Friday, April 19, 2024

“Django” Set to Become Third $100 Mil Movie for Weinstein Company

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After just six years (or seven– depending on how you count it)– “The Weinstein Company” is about to have its third $100 million movie. Tomorrow, Quentin Tarantino’s “Django Unchained” will cross that magic line with a lot of life left in it, that’s for sure. The other two TWC blockbusters are “The King’s Speech” ($414 mil worldwide, $138 mil US) and Tarantino’s “Inglourious Basterds” ($321.4 mil worldwide, $120.5 mil US).

For a mini studio like Weinstein, born with difficulty after Miramax was claimed by Disney, that’s quite an accomplishment. The company, of course, is awash in Oscars and prestige, from Kate Winslet’s win for “The Reader” to the multiple prizes for “The Artist” and “The King’s Speech.” This year, TWC should rake in quite a few gold statues for “Django,” “The Master,” “Silver Linings Playbook,” and “The Intouchables.”

But it’s not so easy to get past $100 million– and fast. “Django” was released on Christmas Day, so it’s just two weeks. Now the task at hand is for “Django” to double its money at home in theaters because it has a $100 million pricetag. With Oscar noms coming Thursday, Critics Choice and Golden Globes next week, that shouldn’t be too difficult. Sony International must be thrilled too. They start rolling “Django” out next week around the world. Ka ching!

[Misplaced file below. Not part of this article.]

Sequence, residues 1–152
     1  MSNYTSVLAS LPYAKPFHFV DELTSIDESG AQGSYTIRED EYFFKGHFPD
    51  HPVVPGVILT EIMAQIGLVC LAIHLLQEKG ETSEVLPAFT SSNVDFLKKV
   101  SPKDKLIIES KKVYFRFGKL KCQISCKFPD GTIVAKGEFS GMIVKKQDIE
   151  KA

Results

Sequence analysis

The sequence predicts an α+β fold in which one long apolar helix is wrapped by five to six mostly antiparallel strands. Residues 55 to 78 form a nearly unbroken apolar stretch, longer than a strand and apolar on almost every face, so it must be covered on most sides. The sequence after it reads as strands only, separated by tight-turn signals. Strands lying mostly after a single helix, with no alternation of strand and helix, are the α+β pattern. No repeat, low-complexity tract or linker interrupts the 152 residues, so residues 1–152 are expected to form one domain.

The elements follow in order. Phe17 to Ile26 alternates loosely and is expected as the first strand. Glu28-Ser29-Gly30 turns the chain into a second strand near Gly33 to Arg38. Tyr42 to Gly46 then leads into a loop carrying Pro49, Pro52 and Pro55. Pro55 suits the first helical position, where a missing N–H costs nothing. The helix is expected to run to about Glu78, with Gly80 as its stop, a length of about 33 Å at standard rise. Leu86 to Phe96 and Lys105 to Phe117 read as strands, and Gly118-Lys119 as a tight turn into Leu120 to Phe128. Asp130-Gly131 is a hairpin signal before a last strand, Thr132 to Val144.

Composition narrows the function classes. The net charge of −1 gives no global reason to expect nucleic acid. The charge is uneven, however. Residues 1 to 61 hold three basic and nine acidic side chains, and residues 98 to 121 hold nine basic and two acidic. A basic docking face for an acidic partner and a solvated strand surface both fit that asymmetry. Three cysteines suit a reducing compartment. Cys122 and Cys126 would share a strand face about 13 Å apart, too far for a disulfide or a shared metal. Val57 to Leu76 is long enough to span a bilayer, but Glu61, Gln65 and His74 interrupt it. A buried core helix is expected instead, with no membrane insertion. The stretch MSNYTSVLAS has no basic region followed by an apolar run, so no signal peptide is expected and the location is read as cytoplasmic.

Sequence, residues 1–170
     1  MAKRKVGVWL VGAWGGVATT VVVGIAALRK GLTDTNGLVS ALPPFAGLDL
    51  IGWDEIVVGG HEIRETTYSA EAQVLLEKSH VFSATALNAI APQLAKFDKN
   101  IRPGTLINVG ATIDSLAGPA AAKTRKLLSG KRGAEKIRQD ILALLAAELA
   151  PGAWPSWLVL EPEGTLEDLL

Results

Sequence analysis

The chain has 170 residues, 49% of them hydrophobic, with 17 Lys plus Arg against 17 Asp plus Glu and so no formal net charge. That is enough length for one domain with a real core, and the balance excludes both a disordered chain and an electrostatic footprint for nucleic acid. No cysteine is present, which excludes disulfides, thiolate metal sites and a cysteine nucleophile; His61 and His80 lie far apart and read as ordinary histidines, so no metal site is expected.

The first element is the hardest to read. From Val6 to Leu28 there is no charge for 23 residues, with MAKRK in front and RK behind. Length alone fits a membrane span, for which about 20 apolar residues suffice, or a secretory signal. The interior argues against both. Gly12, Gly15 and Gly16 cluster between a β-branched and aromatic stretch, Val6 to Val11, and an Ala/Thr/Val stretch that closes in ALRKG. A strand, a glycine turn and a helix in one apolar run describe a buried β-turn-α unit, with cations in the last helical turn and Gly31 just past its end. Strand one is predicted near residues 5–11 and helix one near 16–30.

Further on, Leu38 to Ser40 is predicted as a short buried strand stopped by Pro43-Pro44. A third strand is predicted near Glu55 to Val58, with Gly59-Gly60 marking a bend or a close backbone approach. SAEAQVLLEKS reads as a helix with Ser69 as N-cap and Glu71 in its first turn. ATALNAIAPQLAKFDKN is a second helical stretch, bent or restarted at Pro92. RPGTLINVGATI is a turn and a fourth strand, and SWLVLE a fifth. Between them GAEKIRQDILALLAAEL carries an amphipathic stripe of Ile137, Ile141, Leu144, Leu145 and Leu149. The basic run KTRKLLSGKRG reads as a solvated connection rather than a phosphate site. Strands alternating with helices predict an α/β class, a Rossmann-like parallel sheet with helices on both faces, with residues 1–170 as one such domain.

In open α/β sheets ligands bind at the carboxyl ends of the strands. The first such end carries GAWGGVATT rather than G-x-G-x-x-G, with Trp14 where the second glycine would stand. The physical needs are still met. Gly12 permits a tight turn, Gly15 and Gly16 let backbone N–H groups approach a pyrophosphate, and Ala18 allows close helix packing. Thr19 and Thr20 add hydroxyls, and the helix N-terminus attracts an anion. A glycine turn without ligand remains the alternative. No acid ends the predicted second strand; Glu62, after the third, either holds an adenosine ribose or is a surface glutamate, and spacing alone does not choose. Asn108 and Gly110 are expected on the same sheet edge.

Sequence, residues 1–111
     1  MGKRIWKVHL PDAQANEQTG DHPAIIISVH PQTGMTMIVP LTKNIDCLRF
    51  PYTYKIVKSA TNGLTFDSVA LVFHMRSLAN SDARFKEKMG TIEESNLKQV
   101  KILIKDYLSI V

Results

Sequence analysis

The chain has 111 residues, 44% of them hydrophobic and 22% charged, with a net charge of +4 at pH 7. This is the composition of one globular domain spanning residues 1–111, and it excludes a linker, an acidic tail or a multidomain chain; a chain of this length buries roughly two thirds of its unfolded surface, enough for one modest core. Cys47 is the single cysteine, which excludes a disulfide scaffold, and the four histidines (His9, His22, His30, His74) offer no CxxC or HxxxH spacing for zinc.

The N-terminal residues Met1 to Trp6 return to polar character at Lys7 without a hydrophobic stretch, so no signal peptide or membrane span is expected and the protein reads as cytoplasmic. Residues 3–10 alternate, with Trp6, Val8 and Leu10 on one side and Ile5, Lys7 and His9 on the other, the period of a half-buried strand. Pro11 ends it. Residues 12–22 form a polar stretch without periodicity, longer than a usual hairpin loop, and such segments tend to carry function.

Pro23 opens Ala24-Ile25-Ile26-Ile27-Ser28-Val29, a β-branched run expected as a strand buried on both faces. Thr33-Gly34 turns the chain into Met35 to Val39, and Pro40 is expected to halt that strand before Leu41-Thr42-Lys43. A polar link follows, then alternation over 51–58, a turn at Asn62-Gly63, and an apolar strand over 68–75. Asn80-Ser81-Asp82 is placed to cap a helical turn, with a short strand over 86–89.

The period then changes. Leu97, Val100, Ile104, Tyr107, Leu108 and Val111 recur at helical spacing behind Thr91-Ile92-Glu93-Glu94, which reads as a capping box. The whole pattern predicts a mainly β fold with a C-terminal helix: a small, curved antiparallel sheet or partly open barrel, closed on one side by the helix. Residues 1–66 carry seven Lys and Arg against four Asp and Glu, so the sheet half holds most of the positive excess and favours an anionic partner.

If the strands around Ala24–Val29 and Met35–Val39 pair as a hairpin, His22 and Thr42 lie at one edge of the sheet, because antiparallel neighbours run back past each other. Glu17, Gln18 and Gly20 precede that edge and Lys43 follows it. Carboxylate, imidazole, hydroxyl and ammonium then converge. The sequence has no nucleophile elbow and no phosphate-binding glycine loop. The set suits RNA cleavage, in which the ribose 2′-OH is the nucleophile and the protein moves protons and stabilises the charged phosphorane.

Roger Friedman
Roger Friedmanhttps://www.showbiz411.com
Roger Friedman began his Showbiz411 column in April 2009 after 10 years with Fox News, where he created the Fox411 column. His movie reviews are carried by Rotten Tomatoes, and he is a member of both the movie and TV branches of the Critics Choice Awards. His articles have appeared in dozens of publications over the years including New York Magazine, where he wrote the Intelligencer column in the mid 90s and covered the OJ Simpson trial, and Fox News (when it wasn't so crazy) where he covered Michael Jackson. He is also the writer and co-producer of "Only the Strong Survive," a selection of the Cannes, Sundance, and Telluride Film festivals, directed by DA Pennebaker and Chris Hegedus.
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